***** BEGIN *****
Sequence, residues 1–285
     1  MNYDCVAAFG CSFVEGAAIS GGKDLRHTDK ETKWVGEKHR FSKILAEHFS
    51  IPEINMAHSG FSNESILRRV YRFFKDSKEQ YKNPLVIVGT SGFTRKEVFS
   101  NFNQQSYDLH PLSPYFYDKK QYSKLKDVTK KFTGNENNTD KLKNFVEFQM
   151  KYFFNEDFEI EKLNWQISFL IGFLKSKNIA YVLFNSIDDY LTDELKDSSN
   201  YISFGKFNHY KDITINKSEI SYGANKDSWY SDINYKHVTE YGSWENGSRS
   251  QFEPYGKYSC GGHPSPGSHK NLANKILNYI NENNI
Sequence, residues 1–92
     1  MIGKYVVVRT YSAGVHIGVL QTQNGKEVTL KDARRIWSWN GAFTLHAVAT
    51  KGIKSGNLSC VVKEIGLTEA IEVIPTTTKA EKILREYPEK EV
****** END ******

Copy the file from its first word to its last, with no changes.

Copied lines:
Sequence, residues 1–285
     1  MNYDCVAAFG CSFVEGAAIS GGKDLRHTDK ETKWVGEKHR FSKILAEHFS
    51  IPEINMAHSG FSNESILRRV YRFFKDSKEQ YKNPLVIVGT SGFTRKEVFS
   101  NFNQQSYDLH PLSPYFYDKK QYSKLKDVTK KFTGNENNTD KLKNFVEFQM
   151  KYFFNEDFEI EKLNWQISFL IGFLKSKNIA YVLFNSIDDY LTDELKDSSN
   201  YISFGKFNHY KDITINKSEI SYGANKDSWY SDINYKHVTE YGSWENGSRS
   251  QFEPYGKYSC GGHPSPGSHK NLANKILNYI NENNI
Sequence, residues 1–92
     1  MIGKYVVVRT YSAGVHIGVL QTQNGKEVTL KDARRIWSWN GAFTLHAVAT
    51  KGIKSGNLSC VVKEIGLTEA IEVIPTTTKA EKILREYPEK EV